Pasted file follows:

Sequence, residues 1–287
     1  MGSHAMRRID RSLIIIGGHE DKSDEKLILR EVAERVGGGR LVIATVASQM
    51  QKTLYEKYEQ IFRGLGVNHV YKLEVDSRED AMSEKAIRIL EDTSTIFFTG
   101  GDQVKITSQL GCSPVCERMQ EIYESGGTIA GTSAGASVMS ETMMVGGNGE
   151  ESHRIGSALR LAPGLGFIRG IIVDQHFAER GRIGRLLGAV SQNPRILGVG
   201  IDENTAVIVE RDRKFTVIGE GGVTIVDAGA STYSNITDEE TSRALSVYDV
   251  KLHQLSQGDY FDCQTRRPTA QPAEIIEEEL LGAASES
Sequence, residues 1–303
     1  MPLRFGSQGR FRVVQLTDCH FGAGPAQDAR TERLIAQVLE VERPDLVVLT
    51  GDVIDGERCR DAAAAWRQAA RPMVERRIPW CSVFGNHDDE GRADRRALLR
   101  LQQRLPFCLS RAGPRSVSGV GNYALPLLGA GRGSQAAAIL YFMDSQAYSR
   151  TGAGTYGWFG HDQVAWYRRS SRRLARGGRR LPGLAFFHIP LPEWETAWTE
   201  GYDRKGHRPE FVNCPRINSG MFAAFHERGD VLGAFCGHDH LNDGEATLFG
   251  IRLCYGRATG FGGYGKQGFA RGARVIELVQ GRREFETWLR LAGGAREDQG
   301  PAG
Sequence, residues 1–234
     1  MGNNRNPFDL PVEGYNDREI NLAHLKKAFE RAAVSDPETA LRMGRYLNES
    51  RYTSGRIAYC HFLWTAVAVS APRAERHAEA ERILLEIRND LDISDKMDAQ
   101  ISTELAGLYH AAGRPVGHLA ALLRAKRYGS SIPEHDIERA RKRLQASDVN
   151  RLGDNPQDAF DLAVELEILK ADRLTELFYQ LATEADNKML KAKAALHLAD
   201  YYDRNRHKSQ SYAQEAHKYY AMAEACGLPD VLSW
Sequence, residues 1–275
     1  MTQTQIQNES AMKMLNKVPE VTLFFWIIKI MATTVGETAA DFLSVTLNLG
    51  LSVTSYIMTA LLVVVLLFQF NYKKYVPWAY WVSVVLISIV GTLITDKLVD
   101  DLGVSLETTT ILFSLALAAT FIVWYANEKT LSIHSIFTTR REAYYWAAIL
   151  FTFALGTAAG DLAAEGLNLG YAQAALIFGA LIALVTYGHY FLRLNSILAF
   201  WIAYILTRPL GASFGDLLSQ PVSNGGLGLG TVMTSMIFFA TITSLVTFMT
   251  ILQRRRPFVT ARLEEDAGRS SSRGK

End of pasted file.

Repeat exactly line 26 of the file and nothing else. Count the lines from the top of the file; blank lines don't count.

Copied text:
   151  FTFALGTAAG DLAAEGLNLG YAQAALIFGA LIALVTYGHY FLRLNSILAF